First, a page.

Appreciating how people enjoy looking at their watch movements, Philippe conceived the idea of a retractable anti-magnetic shield. The resulting design is a metal diaphragm operating much like the bladed aperture of a camera lens. The system easily opens opens and closes by turning the bezel which gives a heavy and solid action. An indicator on the side of the case at four o'clock shows white when open, and clear when closed.

    Below are more photos of the Magneto S, easily one of the most fun new releases of 2014.






    The A-PROOF system in the closed position providing 1000 Gauss of protection.


    The A-PROOF system in the open position, revealing a display back and the SpringLOCK equipped movement.



    A closer look at the SpringLOCK cage protecting the movement's hairspring against mild repetitive shock.



    A close up of the dial of the Magneto S.



    The A-PROOF system indicator is clear which shows the anti-magnetic shield is in the open position.



    When the A-PROOF shield is retracted, the indicator shows as white.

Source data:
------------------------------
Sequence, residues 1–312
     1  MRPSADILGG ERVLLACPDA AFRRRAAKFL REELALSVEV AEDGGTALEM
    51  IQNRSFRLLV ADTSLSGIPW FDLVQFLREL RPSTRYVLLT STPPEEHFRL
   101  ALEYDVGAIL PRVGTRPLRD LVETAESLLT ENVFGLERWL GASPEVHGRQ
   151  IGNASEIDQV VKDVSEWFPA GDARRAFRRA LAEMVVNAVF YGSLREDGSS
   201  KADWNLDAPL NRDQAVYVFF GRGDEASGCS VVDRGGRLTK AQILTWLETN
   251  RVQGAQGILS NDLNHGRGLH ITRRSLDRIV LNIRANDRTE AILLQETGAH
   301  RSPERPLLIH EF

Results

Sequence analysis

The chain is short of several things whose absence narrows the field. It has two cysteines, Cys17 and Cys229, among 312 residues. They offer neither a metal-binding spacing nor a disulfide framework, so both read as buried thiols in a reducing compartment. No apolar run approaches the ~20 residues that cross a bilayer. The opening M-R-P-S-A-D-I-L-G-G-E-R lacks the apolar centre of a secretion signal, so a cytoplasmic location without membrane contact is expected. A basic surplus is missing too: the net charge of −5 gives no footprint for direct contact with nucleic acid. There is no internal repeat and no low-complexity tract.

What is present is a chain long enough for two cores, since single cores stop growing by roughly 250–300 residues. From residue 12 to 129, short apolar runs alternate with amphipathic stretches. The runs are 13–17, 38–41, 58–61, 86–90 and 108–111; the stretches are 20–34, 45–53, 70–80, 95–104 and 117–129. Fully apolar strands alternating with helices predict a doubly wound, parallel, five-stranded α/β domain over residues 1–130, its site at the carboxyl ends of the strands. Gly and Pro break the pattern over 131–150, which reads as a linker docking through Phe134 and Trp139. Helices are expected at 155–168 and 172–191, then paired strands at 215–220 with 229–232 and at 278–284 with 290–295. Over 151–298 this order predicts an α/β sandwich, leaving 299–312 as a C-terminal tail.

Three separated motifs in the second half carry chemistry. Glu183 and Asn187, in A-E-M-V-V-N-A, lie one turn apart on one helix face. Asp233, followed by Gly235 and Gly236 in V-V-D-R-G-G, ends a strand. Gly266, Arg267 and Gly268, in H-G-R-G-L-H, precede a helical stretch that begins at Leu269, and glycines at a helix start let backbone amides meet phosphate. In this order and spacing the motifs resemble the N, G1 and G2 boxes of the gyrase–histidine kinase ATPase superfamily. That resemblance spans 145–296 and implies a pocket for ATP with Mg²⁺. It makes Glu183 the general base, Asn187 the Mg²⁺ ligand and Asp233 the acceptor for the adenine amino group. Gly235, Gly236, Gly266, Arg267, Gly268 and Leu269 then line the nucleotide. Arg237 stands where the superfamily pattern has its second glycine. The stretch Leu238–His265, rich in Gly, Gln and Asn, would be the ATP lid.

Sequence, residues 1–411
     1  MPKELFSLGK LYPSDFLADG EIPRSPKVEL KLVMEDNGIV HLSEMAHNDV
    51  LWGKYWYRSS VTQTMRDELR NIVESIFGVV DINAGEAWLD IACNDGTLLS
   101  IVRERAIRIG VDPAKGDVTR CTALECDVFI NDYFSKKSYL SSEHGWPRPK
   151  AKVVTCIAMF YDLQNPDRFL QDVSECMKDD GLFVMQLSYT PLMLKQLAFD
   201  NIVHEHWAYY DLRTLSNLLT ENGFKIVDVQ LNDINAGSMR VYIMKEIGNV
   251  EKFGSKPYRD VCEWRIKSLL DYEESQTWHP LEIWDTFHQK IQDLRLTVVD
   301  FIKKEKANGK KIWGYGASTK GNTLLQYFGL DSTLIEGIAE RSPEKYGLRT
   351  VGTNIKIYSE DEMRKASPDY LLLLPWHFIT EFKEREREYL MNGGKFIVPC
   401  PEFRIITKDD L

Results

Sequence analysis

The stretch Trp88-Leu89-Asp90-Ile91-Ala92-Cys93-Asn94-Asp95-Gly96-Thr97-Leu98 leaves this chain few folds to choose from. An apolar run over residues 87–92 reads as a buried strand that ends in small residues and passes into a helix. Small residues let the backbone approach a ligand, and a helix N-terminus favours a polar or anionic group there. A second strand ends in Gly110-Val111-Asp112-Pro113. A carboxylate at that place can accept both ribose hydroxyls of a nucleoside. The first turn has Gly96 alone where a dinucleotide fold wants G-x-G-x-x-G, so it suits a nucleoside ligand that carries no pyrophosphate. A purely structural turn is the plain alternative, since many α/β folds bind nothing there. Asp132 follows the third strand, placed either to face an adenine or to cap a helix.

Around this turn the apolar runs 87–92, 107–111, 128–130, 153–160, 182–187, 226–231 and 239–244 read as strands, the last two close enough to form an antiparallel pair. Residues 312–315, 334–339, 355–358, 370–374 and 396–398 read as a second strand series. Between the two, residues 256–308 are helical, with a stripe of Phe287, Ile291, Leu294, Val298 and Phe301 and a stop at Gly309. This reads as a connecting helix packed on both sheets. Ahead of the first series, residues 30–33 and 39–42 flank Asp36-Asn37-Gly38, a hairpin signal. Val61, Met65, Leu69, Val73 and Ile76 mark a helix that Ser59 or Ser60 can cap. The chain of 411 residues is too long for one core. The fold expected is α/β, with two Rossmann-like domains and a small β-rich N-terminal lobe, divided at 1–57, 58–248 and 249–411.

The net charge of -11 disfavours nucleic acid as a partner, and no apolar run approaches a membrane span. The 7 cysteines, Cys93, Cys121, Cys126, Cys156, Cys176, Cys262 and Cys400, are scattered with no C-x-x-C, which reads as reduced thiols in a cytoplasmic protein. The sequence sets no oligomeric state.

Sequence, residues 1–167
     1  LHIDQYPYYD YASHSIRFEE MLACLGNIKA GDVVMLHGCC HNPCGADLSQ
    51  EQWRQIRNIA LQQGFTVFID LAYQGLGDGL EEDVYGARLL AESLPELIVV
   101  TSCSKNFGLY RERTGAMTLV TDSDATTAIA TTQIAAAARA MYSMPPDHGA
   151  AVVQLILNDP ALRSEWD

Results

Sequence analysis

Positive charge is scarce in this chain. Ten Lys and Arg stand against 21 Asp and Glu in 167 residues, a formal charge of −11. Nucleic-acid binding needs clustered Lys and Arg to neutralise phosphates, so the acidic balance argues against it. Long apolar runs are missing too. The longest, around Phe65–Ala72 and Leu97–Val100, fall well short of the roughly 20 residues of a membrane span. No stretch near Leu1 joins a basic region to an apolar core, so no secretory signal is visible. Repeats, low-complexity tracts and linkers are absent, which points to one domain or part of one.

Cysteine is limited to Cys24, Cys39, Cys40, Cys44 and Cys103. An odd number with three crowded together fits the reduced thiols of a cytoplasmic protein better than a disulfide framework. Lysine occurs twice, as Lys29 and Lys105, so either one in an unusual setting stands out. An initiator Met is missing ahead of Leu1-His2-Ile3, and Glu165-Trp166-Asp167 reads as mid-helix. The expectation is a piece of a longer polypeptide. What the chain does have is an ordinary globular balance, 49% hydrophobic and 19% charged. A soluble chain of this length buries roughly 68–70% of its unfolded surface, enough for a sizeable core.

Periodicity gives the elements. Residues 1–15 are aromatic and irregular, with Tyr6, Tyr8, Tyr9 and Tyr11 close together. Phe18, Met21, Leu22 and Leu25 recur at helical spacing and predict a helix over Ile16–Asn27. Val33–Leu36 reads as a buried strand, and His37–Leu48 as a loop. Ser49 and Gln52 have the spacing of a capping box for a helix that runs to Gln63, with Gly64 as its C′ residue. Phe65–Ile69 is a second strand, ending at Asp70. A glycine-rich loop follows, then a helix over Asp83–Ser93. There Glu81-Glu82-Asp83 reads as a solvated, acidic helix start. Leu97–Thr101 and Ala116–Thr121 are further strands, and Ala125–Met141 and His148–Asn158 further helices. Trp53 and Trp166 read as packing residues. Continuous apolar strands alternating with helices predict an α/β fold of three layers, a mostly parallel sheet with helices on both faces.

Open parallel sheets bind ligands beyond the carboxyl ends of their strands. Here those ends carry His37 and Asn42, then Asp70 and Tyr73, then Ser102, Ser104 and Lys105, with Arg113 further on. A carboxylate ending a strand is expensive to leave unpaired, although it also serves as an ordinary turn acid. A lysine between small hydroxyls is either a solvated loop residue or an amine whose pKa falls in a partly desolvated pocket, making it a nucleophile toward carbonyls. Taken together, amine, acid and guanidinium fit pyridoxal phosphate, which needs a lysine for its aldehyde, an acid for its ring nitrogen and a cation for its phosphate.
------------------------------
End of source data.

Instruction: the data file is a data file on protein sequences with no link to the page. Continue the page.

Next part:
The lume signature of the Magneto S.
    Last edited by robattopper; December 31st, 2014 at 17:35.
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  2. #2
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    Re: Engineer II Magneto S: Introducing the A-PROOF® System (photo review)

    When closed, it doesn't close all the way?

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    Re: Engineer II Magneto S: Introducing the A-PROOF® System (photo review)

    Quote Originally Posted by ~tc~ View Post
    When closed, it doesn't close all the way?
    Two possible answers here. The first is the center section of the movement may be enough shielding with the aperture. The second is from when I use to do s lot of shield design and testing including magnetic. There are perf patterns in the shield that will fully shield the movement. Since they do not need to block RF like what I was working on they can probably be slightly larger
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    Re: Engineer II Magneto S: Introducing the A-PROOF® System (photo review)

    Saw the watch and was sadly pretty underwhelmed. The coin edge bezel and the inner bezel caused the dial to look super small.

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    Re: Engineer II Magneto S: Introducing the A-PROOF® System (photo review)

    The dial even looks small in the pics. Nice size tubes though!

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    Re: Engineer II Magneto S: Introducing the A-PROOF® System (photo review)